I have put that currently popular expression in quotation marks in order to draw attention to its inherent stupidity. I also have used that word carefully giving attention to the fact that its intended meaning is to describe a behavior that normally would not occur with a person using his intelligence. Newspaper reporters and writers of exhibition catalogues are, I believe, normally considered to be among the normally intelligent, but there are many occasions when it would be impossible to prove by what they produce.

Perhaps in the case of Alex Katz and their public relations judgments of his work they are a subgroup of intelligent people who have never learned how to look, or to understand what they are looking at. However, it occurs to me that after one has achieved twenty years of normal education and have been employed as curators at prestigious university museums and write blurbs for the public, (a public which is evidently thought to be incredibly imperceptive) that at least a limited amount of shame and a bit of modesty might accompany their publications. But there is neither as evidenced by those quotations printed above.

The only justifiable conclusion that might be made regarding the popularity of Katzs workand I suspect that a real popularity of his work doesnt, in fact, exist and that his whole reputation is built on the intimidation many feel that should they be honest in their criticism they will be labeled as anti-Semite which is certainly a process which feeds that sentiment.

It is merely a matter of social pressure, money, ethnic promotion and the tax structure that allows those with extra funds to donate museums to educational institutions and tax-break worth a great deal and for the absence of which from the tax income of the country, and/or state, the ordinary, less affluent, and gullibel,public must pay out of tax moneys they have provided to the national coffers. In addition to that outrage, insult is added to injury in the form of a relatively worthless craftsman assuming the status of genius with some one with less influential contacts is ignored. This is the age of deceit and what it means for future historians, if there are any, especially if there are any honest ones, their jobs will be extraordinarily difficult BECAUSE history, to a great extent, is controlled, governed, and limited by what is called documentary evidence. Someone is making sure that some documentary evidence is handy. Thank God for DNA which provides us with some more refined evidence of fatherhood. On the other hand. how many have gone to the gas chamber on the early evidence of the lie detector?

Personally, I probably wouldnt complain were the results of such sacrifice worth the benefit to even 1% of those who visit galleries and museums, but in the case of Alex Katz there is so very little to offer that the effect upon the general public and its meager resources is similar to a double-edged hari-kari sword, It is a societal suicide committed all for the glory of an individual who has cynically chosen to be a smidgen above incompetent, just enough so slip under a raised bar.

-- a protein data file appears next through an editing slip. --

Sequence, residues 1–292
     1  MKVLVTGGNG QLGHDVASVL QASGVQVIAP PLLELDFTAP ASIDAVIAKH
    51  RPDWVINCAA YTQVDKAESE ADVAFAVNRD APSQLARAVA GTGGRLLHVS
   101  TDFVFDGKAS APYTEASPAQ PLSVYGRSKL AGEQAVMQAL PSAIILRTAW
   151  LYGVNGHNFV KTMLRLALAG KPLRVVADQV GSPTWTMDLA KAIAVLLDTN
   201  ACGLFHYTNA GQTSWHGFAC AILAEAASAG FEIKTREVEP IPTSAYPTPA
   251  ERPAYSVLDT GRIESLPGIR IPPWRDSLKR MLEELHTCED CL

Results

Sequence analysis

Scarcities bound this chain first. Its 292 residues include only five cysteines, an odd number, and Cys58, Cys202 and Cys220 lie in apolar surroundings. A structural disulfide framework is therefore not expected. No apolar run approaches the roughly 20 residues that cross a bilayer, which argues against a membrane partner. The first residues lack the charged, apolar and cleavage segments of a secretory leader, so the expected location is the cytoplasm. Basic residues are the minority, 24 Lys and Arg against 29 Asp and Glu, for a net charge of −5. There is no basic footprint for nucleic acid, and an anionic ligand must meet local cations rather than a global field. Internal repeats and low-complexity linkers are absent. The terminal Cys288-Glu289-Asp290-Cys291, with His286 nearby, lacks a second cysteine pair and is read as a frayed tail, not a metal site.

The Street 1957 Pool Parlor and Ironers

The Pool Game Caf Comedian Forward

If I were to be pressed into making a one sentence conclusion concerning my response to the Katz and Lawrence experiences, that is those experiences they provide their viewers, I would say the following with no excuses or explanations whatever. Katz is boring, cynical, manipulative and destructive; Lawrence, is instructive, entertaining, and caring as well as graphically inventive which is one of the more legitimate reasons for being an artist.

Yet, Lawrence does not have, to my knowledge, a museum at a university setting housing his (unsold) works at some unannounced reapportioned cost to the U.S. taxpayer, and of the two he is the one who deserves it. But then, the Jews and the Blacks have always been at each others throats. One wonders why.

History does not always appear to make the playing field more level for those artists who have been largely ignored during their life times. Both Katz and Lawrence have received a great deal of notice and published acclaim. Whether history will judge that Lawrence deserved it and Katz did not will ultimately make little difference as to the degree of economic comfort, great or small, either of them were able to enjoy during their life times. Little comment is ever made, these days at any rate, on the established, accomplished or potential aesthetic value these works have had or will have on those who see them, but for the record I think it important to indicate, at least, a starting point where having some contemporary judgments made about these cultural contributions to our lives might be found.

This programmed cultural disceit is not limited to the arts, and as we have learned, to political pronouncements as well, but we even find it among those august academicians who maintain the reputation of